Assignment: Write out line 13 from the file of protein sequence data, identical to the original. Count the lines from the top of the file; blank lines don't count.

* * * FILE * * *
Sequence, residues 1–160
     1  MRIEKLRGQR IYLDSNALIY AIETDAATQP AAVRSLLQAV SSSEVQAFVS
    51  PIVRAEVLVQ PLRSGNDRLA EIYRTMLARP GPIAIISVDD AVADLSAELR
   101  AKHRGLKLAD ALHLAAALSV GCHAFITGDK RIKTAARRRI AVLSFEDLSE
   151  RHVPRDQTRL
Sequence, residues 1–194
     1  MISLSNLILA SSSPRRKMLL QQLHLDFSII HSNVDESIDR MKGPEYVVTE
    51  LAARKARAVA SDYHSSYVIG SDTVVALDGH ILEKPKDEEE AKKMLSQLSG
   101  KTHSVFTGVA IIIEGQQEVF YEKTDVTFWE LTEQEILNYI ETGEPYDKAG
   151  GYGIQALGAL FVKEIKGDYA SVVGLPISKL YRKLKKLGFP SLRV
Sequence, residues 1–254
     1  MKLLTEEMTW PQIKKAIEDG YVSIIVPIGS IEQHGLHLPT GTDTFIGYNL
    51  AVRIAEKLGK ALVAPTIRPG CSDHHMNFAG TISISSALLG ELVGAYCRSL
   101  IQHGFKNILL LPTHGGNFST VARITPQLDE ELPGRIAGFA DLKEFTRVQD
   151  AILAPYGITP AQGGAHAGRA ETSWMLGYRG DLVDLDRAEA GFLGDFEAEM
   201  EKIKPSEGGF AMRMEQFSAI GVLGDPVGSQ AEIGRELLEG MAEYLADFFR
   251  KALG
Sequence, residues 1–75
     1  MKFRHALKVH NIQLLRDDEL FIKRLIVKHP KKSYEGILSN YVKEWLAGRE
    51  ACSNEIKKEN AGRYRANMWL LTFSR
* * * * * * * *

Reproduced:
    51  AVRIAEKLGK ALVAPTIRPG CSDHHMNFAG TISISSALLG ELVGAYCRSL